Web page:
What is little known is that FMV had already obtained a significantly lower cost for the Patriot’s direct competitor, the SAMP/T from Eurosam. France also guaranteed that the fire units would be delivered to Sweden in 2019, thereby allowing the Armed Forces to reach an initial operational capability in accordance with the 2015 defence agreement.

One of the documents that DI has obtained is a Eurosam presentation that was distributed at a meeting on April 6th. The document describes what will be delivered and when, the cost as well as a number of other commitments to Sweden. It also showed how the French have adjusted their offer in 2015, 2016 and 2017 to meet the requirements of FMV and the budget of the Armed Forces.

At the April 6 meeting, Joakim Lewin and Magnus Astell from FMV, Thorbjörn Johannesson and Jan Ohlsson from the Armed Forces met with Eurosam's CEO Michel Vigneras. The aim was to allow Eurosam to introduce a so-called ROM price, that is, "rough order of magnitude", an estimate of costs.

In the type of negotiations between Eurosam and FMV, ROM is an indicative price or target price for a quotation. The price in the contract can differ by +/- 10 percent. In this deal there was a clear chance that the price would be pushed down further in the final negotiations.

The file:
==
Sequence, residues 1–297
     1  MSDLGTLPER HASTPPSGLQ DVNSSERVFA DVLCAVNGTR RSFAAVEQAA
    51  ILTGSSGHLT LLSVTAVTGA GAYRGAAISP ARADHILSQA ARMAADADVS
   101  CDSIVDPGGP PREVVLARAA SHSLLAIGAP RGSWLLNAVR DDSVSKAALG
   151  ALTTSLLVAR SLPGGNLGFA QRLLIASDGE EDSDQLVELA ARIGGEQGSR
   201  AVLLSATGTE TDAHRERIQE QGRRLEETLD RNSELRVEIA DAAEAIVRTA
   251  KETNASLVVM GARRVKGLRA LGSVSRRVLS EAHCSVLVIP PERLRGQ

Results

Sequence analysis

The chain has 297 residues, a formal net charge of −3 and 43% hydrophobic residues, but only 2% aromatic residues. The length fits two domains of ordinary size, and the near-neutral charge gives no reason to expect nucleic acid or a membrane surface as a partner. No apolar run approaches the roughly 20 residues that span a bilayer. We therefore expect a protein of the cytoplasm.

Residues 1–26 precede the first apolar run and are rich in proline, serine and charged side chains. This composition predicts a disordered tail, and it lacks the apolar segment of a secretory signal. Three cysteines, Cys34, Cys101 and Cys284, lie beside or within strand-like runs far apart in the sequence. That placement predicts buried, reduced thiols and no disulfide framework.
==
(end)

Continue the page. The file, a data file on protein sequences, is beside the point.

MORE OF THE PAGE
When the meeting began, the Swedes were excited about the cost of the French offer. In its evaluation, FMV had already found that SAMP/T met the Armed Force's requirements of performance and potential.

The French side said its ROM price was 850 million euros, corresponding to SEK 8.5 billion kronor. It concerned both deliveries for Sweden's Initial Operational Capability (IOC) as well as its Full Operational Capability (FOC).

According to DI sources, the price indication was in line with FMV's expectations. Eurosam also said the target price could come down to 800 million euros, or 8 billion kronor. According to DI sources, the meeting continued in a positive atmosphere, even with representatives of the Armed Forces.

Sweden also got the opportunity to make a smaller part-purchase at a favourable price. The document from the meeting of April 6 states that Eurosam announced in 2016 an indicative fixed price of EUR 400 million, corresponding to SEK 4 billion, for an initial delivery of two fire units and missiles - the same type of smaller part-purchase that is estimated to cost 10-12 billion kroner for the Patriot system.